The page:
Lending in the High Tech Age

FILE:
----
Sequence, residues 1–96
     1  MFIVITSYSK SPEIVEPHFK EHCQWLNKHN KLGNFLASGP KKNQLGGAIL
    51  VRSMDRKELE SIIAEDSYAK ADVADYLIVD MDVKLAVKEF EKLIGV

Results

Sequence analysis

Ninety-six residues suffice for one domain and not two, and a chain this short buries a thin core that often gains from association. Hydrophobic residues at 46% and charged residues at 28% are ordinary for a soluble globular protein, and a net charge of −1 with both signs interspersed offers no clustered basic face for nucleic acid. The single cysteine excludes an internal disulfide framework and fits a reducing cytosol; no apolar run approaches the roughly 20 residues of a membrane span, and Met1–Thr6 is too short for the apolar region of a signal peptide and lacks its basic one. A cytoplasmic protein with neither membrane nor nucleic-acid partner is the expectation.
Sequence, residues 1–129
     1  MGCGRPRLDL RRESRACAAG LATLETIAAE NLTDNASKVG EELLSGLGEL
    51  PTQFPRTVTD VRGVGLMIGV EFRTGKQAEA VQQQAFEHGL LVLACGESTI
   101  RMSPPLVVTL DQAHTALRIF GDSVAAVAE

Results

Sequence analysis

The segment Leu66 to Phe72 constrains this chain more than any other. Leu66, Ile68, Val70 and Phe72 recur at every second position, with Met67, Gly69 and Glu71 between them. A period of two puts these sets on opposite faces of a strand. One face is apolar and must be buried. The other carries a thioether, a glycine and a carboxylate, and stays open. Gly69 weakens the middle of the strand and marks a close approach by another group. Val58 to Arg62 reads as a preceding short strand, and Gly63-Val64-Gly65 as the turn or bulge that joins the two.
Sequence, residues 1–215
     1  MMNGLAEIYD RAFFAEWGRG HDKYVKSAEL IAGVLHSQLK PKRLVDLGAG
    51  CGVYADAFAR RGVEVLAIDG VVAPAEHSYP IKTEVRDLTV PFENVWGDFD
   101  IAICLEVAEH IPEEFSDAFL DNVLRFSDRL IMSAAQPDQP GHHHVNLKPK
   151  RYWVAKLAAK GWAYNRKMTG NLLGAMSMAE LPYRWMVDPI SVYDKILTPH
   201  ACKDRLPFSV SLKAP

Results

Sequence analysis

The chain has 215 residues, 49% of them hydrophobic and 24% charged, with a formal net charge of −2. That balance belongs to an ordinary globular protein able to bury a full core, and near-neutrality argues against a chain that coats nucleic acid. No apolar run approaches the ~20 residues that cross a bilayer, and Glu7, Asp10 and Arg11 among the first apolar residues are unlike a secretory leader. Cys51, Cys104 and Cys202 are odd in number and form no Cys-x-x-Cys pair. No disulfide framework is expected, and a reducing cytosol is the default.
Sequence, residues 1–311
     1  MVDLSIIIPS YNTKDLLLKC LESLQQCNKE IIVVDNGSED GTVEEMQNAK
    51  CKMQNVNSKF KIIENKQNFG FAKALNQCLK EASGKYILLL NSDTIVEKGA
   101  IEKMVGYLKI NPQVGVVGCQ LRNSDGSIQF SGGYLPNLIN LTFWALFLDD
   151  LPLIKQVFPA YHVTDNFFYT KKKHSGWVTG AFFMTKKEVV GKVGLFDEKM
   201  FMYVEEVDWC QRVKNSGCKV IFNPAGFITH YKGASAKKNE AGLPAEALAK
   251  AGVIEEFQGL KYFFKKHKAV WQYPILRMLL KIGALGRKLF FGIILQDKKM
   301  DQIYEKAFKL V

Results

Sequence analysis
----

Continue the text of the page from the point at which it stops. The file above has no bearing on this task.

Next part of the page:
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local edition se r v ic i ng or ig i nat ion ANALYTICS a na ly t ic s "As in the boom of the previous decade, many people see easy money to be made." — Chris Cagan, John Burns Real Estate Consulting S e c on da r y M a r k e t Beware of Fake Flippers One consulting firm warns buyers to keep an eye out for scammers looking to get rich off of fakeflipped homes. california // As home price appreciation continues at accelerated levels, John Burns Real Estate Consulting is warning clients in certain areas to keep in mind the artificial boosting effect that home flippers bring to the market. "Home price appreciation has been so rampant, particularly in California and Florida, that flippers and get-rich-quick scam artists are flourishing again," said Chris Cagan, VP at John Burns. "Just as in the mania of 2004–06, flippers make money when the party is raging, but inevitably, someone loses when the party is busted." Using anecdotal data for prices paid, repair costs, and selling prices for flipped homes across the nation, Cagan calculated an average net profit of 32 percent, 54 | The M Report "wildly [surpassing] the reality of the recovering market." Part of the growth in flipping activity, he says, stems from its growing popularity in the media. "Flipping has moved beyond a segment of professionals working with undervalued and distressed properties; seminars, tours, and television shows encourage people to invest with flippers or to flip homes themselves. As in the boom of the previous decade, many people see easy money to be made," he said. Those perceived gains, however, aren't realistic in a market in which prices are rising at 10 percent per year. Given the degree to which prices have risen due to house flipping, Cagan says smart investors must recognize the risk in the market. "Today, the fundamentals for continued price appreciation are very good in the majority of markets," he said. "However, do not assume that recent successes will continue forever and be cognizant of the fact that artificial demand— flippers flipping to other flippers is the ultimate artificial demand—can distort your market." Rising Rates, Prices Lead to Waning Competition in Housing Market Market watchers are seeing a pullback from potential homebuyers who are still bidding on homes. california // Rising prices and interest rates are contributing to less competition in the housing market, but tight inventories leave a majority of homebuyers in bidding wars still, according to a recent survey by Redfin, a national real estate broker and technology provider. While the percentage of bids encountering competition remained a majority at 60.5 percent in August, the rate is down both monthly and annually. The share of bids facing competition in July was 63.3 percent. The year-ago level was 63.5 percent. August's year-over-year decline in competition is the first on record for Redfin's survey, which initiated in 2011. Redfin surveys its agents working in 22 markets across the country. Only three markets experienced increased competition year-overyear in August, including San Francisco, Los Angeles, and Boston. As competition declined, the difference between winning bid prices and asking prices fell just below 0, coming in at an average of -0.3 percent for the month, according to Redfin. Redfin noted only two of the 22 markets it surveyed posted winning bids above asking prices. Those markets were San Francisco, where winning bids were on average 7.2 percent higher than asking prices; and Seattle, where winning bids were 0.2 percent higher than asking prices. Rising home prices and mortgage rates are contributing to the waning bidding wars across the country, according to Redfin. In a survey of homebuyers, Redfin found 63 percent of homeseekers said mortgage rates affected their ability to purchase a home. Twenty percent of buyers said they slowed their home search due to rising rates.

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